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Making a black hole

  1. Sep 14, 2006 #1
    energy and mass both exert gravitational force right? so the question "will a very fast object become a black hole" isnt answered by saying that the rest mass doesnt change right? I remember asking this question before and being told that it wouldnt since the rest mass stays the same when you speed up. But if you accelerated a "massive" object to a high enough velocity couldn't you make a black hole?
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  3. Sep 14, 2006 #2


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    Energy does curve space. But so does momentum and momentum flow. So there is a vast difference between a "stationary" very massive object and a "very fast" light object, due to the momentum component.
  4. Sep 14, 2006 #3
    are you saying momentum "un-bends" spacetime? cause otherwise it seems like it would just cause more gravity.
  5. Sep 15, 2006 #4


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    As I said the last time this came up, an object is a black hole only if it traps light.

    If light can escape from a stationary object, it can and does escape from the same object when it is moving. Thus if an object is not a black hole in its rest frame, it is not a black hole in any frame.

    Also note that there is no such thing as absolute velocity. That alone should tell you that objects don't become black holes when they move quickly.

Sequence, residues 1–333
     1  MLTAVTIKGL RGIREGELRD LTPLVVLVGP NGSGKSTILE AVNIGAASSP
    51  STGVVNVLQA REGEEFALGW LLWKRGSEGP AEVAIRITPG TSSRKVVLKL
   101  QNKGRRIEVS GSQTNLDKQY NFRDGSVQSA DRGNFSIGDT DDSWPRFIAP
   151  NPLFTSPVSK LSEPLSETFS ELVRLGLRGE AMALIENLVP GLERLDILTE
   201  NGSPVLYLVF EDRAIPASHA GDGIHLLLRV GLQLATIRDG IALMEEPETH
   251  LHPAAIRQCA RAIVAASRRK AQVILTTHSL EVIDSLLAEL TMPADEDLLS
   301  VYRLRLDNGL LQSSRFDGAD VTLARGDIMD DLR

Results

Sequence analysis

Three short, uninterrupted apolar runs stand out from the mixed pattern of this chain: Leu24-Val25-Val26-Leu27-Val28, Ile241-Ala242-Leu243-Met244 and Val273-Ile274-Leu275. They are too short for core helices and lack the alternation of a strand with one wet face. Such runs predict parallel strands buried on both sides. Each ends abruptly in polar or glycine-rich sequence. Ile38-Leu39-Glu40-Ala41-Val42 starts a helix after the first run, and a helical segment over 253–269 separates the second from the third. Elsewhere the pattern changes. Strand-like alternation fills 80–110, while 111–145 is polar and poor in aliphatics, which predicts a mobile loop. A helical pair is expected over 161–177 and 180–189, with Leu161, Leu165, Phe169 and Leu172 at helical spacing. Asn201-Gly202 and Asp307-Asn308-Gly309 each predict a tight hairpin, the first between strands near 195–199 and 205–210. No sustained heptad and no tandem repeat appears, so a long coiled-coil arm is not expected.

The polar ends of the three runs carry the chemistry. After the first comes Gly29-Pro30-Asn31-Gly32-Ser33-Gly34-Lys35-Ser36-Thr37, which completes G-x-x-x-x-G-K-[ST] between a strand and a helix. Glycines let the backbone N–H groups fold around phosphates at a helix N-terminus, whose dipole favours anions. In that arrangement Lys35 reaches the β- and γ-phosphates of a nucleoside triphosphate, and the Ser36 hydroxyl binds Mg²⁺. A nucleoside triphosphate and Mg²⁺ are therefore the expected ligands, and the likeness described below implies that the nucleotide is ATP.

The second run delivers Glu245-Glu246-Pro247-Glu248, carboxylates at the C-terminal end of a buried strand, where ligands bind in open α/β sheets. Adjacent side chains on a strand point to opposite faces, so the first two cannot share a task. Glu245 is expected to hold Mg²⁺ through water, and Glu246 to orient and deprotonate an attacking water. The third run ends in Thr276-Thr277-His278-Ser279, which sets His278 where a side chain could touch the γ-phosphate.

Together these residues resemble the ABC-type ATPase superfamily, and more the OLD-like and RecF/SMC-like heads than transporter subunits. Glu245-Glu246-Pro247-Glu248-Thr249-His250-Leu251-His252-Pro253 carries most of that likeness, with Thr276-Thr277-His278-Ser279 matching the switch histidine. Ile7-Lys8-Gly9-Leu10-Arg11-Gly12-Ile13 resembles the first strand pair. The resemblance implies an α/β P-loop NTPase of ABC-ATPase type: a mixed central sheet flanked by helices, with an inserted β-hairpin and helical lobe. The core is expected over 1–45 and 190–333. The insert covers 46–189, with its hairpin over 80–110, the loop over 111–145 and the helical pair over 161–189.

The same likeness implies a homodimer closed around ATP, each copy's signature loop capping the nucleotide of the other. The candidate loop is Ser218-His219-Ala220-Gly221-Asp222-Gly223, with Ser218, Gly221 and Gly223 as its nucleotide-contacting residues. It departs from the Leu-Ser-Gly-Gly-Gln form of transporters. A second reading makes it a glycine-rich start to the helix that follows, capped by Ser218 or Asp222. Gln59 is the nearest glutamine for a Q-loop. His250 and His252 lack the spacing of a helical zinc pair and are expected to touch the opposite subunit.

After all, relative to some observers, you yourself are moving at .9999 c - but you are not a black hole.

    Since you've seen the thread before, I assume you've already seen the standard references that show that moving objects don't become black holes. But I will repeat them if anyone else is interested and can't find them, though they should be easy to find (check the sci.physics.faq).

    The gravitational field of a moving object is an interesting question without a correct clearcut simple answer.

    Probably one of the simplest ways to tackle the problem that is still technically correct is to look at the tidal forces of a moving object rather than the "gravitational field".

    Imagine a moving observer and a non-moving observer both at the same location in space-time measuring the tidal force aka the gravity gradient with a gravity gradiometer, i.e a Forward mass detector


    For two observers at the same point, the one in relative motion will measure an increased tidal force / gravity gradient, BUT only if he is moving perpendicularly to the mass. If he moves towards or away from the mass, he will get the same reading as a stationary observer.

    Another way of describing this - the measurble effects of gravity, the tidal forces, are not spherically symmetrical for a moving object. They are concentrated in the transverse direction. This is rather similar to the way that the electric field of a moving charge appears, though in the case of the electric field we can measure the field directly, we don't have to worry about measuring the gradient instead.
  6. Sep 15, 2006 #5


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    Funny, I've personally never met observers moving faster than about
    0.0000015 c.

  7. Sep 15, 2006 #6
    doesnt mean there arent any on other planets :tongue2: .